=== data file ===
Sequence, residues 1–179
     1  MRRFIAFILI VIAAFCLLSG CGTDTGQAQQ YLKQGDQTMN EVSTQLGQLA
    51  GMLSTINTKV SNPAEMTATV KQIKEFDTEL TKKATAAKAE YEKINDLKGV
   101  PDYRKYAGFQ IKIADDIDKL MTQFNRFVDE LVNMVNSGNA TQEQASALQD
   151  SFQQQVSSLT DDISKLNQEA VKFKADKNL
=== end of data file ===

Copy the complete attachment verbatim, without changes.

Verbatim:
Sequence, residues 1–179
     1  MRRFIAFILI VIAAFCLLSG CGTDTGQAQQ YLKQGDQTMN EVSTQLGQLA
    51  GMLSTINTKV SNPAEMTATV KQIKEFDTEL TKKATAAKAE YEKINDLKGV
   101  PDYRKYAGFQ IKIADDIDKL MTQFNRFVDE LVNMVNSGNA TQEQASALQD
   151  SFQQQVSSLT DDISKLNQEA VKFKADKNL